Cartoon Art Museum
Anchor Steam Brewery, offers tours weekdays only
Fort Mason frequently has shows or events, check website
Many ferries go between SF and other Bay Cities, make sure to take at least one, incredible views.

Ideas outside the City, requiring a car:

Muir Woods, in Marin–Highly Recommended. Very green, some rocks, no sand.
Bay Model, in Marin–Off the beaten trail, Highly Recommended
Golden Gate Raptor Observatory, in Marin–Off the beaten trail, incredible views
Tomales Bay, in Marin–beautiful, has oyster farming & kayaking tours
Nike Missile Site, in Marin–Off the beaten path
St George Spirits Distillery & Tasting room in Alameda, has tours on the weekend, get a designated driver
USS Hornet, in Alameda
Computer Museum, in Mountain View(?)–Off the beaten trail
Scharffenberger Chocolates, in Berkeley–chocolate tours & tastings. avoid the cafe, bad reviews.
Point Bonita Lighthouse, in Marin–Off the beaten trail
Point Reyes, in Marin–large recreational area
Sonoma County, Napa County–tons of wine tasting, many with tours.

And you will be much happier if you dress in layers and bring sweatshirts, light jackets, and pullovers. It is often windy and/or chilly. Sunny does not always mean warm, and we see a lot of tourists shivering in shorts and t-shirts. That said, you will be coming at one of the nicest times of year for weather.

Make sure to check the hours and times.

Sadly, no, this goes back to the WPA/PWA/Depression-era work. And, to be fair, the state is way successful at agriculture, much more so than it would be if it depended on rainfall more than a mile from the river. Might be able to grow a lot more cattle, though, but that would irritate the vegetarians, and we can’t have that.

Everybody expects Northern California to look like the vineyards where they filmed Dynasty, and instead, it’s more like where they filmed The Big Valley.

Check these out.

If the rainy season has started by at least a couple of weeks before your visit, you might get to see a bit of “green California.” California has only one rainy season - in the winter. Which means it is green and vibrant for about three-four months out of the year and the rest of the time it is sere and brown ( “golden”! ). Northern California is actually at its prettiest as a landscape in early spring, the desert anytime in the winter/spring after a very thorough and continuous rain.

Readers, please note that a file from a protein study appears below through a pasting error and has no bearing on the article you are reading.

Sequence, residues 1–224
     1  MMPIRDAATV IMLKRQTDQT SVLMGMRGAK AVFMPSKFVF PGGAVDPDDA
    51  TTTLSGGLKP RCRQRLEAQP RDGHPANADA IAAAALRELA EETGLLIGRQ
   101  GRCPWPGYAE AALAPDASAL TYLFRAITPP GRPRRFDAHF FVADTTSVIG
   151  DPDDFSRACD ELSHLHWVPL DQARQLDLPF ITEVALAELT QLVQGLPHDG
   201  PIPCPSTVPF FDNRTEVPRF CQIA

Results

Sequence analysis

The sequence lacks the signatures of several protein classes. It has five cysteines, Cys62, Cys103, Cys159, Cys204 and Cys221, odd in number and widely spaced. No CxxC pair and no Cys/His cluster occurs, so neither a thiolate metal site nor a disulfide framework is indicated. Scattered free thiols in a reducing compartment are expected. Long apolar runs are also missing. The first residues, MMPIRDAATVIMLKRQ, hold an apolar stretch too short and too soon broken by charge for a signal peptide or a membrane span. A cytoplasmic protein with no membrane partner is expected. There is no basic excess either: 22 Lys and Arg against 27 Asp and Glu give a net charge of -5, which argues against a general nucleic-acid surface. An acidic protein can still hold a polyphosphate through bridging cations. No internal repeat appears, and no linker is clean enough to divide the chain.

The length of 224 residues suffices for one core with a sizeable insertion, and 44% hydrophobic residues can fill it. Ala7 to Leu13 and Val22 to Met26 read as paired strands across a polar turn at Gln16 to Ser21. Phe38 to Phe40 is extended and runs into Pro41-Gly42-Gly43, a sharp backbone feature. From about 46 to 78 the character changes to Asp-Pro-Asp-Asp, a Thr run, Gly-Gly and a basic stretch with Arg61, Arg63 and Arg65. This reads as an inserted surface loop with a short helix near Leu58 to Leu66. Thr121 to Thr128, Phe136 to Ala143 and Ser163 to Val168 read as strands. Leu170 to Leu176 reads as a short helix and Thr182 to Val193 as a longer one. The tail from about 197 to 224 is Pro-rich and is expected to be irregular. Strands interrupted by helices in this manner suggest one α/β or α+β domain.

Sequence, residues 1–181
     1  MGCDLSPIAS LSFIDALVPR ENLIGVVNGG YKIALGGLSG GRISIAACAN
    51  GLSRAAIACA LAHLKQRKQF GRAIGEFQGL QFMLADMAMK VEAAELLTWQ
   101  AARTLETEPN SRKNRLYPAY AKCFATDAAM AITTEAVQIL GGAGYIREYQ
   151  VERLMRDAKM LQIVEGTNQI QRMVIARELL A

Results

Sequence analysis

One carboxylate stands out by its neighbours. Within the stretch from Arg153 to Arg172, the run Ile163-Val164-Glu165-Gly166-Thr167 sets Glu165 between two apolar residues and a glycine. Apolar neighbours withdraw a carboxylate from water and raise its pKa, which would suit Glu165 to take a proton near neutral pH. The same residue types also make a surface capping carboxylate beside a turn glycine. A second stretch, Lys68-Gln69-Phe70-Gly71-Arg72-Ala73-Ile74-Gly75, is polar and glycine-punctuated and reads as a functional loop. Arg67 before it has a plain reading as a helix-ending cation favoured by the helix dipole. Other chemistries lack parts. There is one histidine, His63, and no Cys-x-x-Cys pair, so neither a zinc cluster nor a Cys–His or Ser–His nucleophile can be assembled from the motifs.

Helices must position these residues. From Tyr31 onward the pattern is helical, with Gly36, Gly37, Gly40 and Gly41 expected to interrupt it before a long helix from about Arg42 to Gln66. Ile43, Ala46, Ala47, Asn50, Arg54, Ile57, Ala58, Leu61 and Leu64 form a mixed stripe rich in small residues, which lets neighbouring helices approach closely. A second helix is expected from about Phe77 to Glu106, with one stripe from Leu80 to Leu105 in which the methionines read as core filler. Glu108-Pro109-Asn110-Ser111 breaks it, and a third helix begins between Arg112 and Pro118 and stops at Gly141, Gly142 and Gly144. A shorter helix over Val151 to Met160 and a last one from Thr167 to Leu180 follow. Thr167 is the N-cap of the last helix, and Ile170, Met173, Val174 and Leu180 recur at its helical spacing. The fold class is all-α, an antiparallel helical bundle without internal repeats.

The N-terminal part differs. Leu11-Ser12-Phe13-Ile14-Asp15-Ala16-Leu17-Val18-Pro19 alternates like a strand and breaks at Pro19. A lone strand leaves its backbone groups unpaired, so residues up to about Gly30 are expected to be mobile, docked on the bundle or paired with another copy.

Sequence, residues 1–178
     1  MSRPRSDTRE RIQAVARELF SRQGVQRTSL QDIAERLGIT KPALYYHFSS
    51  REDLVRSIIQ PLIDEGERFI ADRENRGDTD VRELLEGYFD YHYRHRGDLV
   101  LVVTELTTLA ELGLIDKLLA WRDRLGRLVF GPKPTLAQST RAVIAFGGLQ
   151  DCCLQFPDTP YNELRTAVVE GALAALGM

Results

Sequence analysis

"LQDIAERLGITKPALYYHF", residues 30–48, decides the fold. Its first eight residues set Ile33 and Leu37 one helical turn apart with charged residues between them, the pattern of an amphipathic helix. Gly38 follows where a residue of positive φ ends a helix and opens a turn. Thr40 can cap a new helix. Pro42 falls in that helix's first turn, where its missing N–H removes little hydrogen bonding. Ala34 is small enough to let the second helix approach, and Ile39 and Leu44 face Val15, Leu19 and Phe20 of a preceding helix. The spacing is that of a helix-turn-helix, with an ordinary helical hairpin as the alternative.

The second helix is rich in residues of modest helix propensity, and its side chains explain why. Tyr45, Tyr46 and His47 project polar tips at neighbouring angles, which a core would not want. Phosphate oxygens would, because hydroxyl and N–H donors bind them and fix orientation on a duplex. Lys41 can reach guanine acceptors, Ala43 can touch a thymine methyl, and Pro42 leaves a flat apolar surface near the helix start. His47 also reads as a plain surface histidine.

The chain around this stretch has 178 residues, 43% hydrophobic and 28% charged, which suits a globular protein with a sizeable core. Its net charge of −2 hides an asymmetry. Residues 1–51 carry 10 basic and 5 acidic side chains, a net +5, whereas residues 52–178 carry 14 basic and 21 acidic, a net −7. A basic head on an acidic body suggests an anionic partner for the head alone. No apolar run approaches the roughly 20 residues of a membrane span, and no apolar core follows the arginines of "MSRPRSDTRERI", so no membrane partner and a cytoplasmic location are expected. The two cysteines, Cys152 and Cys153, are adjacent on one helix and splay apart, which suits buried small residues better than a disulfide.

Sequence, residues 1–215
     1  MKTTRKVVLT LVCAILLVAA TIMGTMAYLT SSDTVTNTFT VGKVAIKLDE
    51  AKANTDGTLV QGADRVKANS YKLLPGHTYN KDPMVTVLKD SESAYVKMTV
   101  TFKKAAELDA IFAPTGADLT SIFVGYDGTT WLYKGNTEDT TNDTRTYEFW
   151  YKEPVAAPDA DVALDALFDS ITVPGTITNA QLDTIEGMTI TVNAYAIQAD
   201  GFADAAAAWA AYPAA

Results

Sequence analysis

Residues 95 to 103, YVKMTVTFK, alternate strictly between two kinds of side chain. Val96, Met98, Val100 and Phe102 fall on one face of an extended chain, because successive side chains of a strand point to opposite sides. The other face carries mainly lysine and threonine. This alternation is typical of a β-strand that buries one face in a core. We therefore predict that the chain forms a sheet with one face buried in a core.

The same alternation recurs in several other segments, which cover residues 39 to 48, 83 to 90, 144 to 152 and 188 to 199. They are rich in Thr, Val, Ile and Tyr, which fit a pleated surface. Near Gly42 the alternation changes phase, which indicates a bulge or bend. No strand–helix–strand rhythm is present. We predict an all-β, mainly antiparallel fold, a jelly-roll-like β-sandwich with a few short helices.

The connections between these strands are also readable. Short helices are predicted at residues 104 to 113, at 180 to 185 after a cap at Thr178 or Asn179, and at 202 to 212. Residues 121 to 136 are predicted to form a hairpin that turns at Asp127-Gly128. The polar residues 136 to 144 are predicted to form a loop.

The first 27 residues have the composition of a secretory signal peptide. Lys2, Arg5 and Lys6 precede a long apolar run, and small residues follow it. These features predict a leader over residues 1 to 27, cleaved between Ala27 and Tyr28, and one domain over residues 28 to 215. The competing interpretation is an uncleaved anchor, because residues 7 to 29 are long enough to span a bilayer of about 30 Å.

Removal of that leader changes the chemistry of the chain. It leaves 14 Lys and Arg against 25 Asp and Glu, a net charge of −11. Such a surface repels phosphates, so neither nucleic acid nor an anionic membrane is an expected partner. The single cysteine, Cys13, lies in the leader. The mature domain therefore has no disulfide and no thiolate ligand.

An art museum not yet mentioned that is my favorite is here.

LouiseE, I’ll definitely check out the cartoon Art Museum, the farmers’ market, probably the brewery, and I’ll check on the feasibility of the coastal destinations; they look beautiful in the pictures. The Raptor Observatory sounds interesting, as well. As for layering, It’s still in the 110 degrees F range here, so everything will feel cold. First stop is somewhere to buy a good jacket and sweater.

Ethilrist, damn Roosevelt and his socialist ways. If it weren’t for him… Well, if it weren’t for him and the Okie migration during the dust bowl caused by the cessation of farming in the Midwest due to the Great Depression due to shady stock trading practices… I blame Schwarzenegger.

Troy, normally I don’t like tours, but those look very interesting. I’m actually going to plan on taking a few.

Tamerlane, that was already on my list. No reason to pass up a beautiful art collection in an interesting building. There’s a Rembrandt that I wanted to see in person as well. I actually like the desert quite a bit. It is clean. Fascinating namesake you have, by the way.